Impact of agrochemicals on spider diversity in field margins

My diploma thesis is concerned with the impact of agrochemicals on spider diversity in field margins. In this context I observe the effects of separate treatments of a fertilizer, a herbicide and an insecticide and the combination of these three agrochemicals. In 2011, a field study was conducted on a meadow near Bad Bergzabern. The meadow was separated into 64 plots of 8 x 8 m and each treatment was replicated 8 times. The Sampling was performed at three different dates using a dip net. The most common spider family in my samples was crab spiders (Thomisidae). I could show declining density of juvenile crab spiders in different pesticide treatments. Insecticide exposure was the main reason for the decline in juvenile crab spider density. However, there is also a significant decline of juvenile crab spiders in plots, which were only treated with herbicide. The lowest density of juvenile crab spiders was recorded in plots treated with the combination of insecticide and herbicide.

spiders

Spiders are important and abundant predators with high diversity in different types of ecosystems. Spiders are distributed on the ground and in the vegetation and usually they wait for prey rather than hunt it actively. An example for highly specialized ambush predators are crab spiders (Thomisidae). They sit well camouflaged on leaves or blossoms and wait for their prey. After prey comes in range, it is caught with the anterior legs and paralyzed by injecting poison.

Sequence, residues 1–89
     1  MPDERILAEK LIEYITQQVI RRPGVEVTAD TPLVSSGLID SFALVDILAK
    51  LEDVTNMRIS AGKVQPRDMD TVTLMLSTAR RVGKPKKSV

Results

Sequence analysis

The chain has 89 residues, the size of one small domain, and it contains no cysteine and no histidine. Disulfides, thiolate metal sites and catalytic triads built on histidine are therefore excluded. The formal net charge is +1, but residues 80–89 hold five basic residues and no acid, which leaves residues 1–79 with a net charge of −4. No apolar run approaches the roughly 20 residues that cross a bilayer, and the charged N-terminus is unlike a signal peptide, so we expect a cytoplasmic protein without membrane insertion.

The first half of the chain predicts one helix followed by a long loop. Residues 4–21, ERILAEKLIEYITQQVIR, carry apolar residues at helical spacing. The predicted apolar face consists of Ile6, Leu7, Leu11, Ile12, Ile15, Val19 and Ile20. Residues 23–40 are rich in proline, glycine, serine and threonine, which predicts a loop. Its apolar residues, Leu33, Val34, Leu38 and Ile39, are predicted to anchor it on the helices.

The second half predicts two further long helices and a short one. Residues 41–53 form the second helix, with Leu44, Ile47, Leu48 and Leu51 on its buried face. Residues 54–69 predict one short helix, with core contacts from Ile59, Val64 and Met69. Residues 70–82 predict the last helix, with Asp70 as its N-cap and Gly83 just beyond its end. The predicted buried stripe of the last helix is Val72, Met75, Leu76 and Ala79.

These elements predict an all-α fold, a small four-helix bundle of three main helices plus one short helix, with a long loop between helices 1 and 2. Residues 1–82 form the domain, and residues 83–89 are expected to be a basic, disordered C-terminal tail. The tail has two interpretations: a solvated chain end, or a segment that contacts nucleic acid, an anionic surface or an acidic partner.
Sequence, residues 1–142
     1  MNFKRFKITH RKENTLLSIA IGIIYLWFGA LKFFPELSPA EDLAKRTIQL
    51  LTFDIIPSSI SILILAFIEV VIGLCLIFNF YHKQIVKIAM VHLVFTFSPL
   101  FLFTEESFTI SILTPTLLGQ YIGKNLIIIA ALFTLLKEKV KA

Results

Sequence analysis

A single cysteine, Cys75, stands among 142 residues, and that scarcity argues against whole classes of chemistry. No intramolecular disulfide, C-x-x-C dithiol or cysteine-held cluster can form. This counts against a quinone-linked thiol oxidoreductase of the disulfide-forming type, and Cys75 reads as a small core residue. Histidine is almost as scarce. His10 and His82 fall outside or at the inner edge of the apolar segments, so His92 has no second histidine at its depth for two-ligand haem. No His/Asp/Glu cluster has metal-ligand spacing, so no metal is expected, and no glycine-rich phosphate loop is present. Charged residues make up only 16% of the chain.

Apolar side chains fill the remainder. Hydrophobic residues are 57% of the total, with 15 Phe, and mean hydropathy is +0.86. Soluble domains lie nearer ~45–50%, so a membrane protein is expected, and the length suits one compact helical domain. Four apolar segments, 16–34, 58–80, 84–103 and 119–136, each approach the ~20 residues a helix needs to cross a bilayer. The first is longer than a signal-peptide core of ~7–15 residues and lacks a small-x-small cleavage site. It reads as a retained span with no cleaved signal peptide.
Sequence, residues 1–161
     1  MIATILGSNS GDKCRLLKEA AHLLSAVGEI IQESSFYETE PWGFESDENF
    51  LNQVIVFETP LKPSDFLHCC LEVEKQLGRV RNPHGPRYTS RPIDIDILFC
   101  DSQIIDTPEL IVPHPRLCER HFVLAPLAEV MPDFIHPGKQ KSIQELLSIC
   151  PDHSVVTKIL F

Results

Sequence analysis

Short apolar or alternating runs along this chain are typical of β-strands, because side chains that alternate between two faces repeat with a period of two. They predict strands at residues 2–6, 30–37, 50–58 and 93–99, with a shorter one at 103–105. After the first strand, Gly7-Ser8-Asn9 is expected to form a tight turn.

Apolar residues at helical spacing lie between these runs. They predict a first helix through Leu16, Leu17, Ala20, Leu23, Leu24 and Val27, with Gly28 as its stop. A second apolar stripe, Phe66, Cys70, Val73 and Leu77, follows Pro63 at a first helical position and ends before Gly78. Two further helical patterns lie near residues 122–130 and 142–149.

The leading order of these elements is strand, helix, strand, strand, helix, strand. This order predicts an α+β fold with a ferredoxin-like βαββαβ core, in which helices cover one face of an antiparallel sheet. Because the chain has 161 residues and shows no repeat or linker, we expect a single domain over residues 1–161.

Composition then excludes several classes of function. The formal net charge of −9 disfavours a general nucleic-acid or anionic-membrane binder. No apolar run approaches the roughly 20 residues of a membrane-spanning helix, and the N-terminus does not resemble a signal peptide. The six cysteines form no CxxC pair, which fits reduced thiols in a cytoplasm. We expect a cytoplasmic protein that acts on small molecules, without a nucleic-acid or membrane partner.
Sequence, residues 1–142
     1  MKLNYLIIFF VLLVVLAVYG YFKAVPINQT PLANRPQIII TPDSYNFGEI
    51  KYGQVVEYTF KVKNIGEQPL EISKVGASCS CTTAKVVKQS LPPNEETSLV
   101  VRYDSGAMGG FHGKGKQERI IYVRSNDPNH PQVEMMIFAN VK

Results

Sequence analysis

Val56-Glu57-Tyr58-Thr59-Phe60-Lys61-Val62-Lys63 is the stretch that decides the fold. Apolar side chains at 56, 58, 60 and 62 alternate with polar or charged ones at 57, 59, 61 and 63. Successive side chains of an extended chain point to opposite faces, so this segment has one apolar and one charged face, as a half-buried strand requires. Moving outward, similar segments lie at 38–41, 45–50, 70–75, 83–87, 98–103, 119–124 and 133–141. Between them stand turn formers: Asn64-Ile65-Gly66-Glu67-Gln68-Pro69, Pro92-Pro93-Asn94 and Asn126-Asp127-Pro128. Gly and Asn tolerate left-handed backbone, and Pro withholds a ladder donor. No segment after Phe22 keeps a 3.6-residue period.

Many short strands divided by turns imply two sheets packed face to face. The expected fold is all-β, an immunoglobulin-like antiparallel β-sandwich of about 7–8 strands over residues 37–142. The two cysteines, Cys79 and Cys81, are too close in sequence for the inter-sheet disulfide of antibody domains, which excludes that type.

The potential of spiders as pest agents in agricultural ecosystems emerges more and more from different studies. However their value as biocontrol agents is often limited because spider densities are usually low in the agricultural landscape, due to the use of pesticides. Field margins can be an important refuge for spider populations, especially during winter while fields lie idle. They can also function as an origin for recolonisation of spider populations after pesticide application.

 

Due to pesticide drift and over-spraying, field margins are highly affected by agrochemicals. Therefore they may lose their function as habitat and refuge for spiders. Pesticides impact directly influence spider populations and communities in field margins and hence may affect species richness in agricultural landscapes. Therefore it is necessary to assess the impact of pesticide drift and over-spaying on spider communities and populations in field margins.

Contact

Marcus Metz

Dr. Carsten Brühl